HC 421H: Modernity Goes to School

Professor: Martin Klebes

4.00 credits

  • CRN 26362: Monday & Wednesday, 0815-0945 @ REMOTE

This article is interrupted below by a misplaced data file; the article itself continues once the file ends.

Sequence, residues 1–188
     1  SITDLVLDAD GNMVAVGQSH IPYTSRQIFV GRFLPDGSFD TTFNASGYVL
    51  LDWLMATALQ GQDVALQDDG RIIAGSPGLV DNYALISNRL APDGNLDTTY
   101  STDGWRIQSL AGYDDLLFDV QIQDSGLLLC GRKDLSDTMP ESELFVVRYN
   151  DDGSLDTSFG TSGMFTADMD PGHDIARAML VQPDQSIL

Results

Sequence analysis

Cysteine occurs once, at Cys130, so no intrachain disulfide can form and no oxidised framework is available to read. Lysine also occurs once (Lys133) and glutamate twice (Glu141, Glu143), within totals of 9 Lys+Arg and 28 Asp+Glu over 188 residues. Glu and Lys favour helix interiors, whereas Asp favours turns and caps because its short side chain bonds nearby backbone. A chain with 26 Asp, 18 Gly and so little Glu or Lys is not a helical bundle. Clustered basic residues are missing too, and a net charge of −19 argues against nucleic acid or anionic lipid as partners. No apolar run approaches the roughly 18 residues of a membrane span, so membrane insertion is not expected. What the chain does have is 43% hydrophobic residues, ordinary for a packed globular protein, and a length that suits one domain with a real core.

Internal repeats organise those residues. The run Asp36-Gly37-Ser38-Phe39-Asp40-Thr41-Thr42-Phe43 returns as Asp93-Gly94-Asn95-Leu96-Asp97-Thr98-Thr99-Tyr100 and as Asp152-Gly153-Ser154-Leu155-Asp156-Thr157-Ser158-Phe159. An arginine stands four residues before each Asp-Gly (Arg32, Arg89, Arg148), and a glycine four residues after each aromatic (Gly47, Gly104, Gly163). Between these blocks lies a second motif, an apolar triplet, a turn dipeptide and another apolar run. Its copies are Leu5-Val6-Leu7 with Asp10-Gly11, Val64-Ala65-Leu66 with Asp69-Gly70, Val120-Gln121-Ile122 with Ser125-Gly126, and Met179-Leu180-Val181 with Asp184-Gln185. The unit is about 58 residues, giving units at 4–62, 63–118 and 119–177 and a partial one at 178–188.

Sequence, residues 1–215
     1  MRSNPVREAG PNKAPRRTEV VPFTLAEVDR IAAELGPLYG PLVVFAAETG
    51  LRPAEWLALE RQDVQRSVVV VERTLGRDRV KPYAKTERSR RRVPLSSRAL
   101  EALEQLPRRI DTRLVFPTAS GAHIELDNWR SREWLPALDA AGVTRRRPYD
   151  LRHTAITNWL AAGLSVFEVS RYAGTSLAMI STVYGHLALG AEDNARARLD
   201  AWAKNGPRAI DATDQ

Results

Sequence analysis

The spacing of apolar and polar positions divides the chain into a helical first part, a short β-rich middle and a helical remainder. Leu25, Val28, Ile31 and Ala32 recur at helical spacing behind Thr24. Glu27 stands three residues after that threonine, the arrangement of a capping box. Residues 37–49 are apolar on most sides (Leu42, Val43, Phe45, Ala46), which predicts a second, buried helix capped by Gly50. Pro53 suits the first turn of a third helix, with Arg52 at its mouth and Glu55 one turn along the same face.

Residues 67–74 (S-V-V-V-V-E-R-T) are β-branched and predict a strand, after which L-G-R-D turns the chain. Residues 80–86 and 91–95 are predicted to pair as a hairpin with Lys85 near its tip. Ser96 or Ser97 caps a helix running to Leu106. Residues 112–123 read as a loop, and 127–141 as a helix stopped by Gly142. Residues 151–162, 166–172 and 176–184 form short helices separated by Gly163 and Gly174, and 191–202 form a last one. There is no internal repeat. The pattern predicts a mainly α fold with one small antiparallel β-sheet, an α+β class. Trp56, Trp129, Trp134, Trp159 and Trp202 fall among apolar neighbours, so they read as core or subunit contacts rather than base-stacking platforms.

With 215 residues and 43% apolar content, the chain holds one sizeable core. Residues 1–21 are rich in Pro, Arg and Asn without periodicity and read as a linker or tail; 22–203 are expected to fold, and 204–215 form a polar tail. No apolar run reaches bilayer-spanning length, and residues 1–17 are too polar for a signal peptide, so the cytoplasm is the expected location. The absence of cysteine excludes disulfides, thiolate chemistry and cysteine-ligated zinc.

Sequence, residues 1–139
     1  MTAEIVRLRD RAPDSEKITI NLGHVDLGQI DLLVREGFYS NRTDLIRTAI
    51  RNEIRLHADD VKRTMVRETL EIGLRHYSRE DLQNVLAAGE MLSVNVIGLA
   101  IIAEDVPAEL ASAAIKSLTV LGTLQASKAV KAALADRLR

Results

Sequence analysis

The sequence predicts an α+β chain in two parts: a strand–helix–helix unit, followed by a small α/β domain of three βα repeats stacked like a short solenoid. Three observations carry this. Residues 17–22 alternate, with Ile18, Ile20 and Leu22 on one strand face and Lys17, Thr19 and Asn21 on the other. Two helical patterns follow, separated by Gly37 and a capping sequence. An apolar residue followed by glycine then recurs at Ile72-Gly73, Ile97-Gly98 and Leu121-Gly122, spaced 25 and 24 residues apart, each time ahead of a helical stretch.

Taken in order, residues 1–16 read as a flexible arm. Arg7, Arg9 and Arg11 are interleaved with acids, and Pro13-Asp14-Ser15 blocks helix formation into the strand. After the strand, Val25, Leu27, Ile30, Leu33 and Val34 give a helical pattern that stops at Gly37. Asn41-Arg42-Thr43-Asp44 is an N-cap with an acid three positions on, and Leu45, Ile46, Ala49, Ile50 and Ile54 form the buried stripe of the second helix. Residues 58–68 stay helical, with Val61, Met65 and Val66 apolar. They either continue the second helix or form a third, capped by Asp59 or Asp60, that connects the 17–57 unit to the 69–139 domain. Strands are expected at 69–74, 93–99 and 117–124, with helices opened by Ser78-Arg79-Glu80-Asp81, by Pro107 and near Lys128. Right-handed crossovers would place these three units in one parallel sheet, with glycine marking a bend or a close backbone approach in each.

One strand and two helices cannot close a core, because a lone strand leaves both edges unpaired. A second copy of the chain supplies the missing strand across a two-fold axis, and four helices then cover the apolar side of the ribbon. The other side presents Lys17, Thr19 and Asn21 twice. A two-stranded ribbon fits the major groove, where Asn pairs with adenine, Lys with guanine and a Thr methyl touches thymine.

In this Colloquium we will trace the devolution of the Bildungsroman, the novel of education, formation, and coming of age, in modernity. Since its emergence in the 18th century, novels in this genre tended to narrate individual development as a process of integration into society, but the 20th century thoroughly turns this dynamic on its head. In the texts we will study, individuals repeatedly remain (or become) separated from a collective, rather than merging with it and adopting its values. Growing up is here depicted as a process fraught with anxiety, misdirection and even violence, and one that at times inspires dreams of escaping the here and now. We will be foregrounding texts in which education and socialization happen in the context of institutions that aim to socialize young adults with a view to efficiency, conformity to norms, and the accumulation of social capital. In several instances the tie between “education” and fascism is immediate (Bernhard; Goldschmidt). Moving towards the present in the second half of the course, we will also consider a decolonialist Bildungsroman (Dangarembga), and different takes on the meaning of learning in disorienting contemporary times (Lerner). We will study literary representations of a variety of learning environments, drawing on the German (Hesse), Austrian (Musil; Bernhard), Swiss (Walser), French-German (Goldschmidt), Nigerian (Dangarembga), and U.S.-American (Lerner) traditions. In addition, we will read a number of philosophical texts that probe the changing notions of what education/Bildung can (still) signify in the 20th and 21st centuries.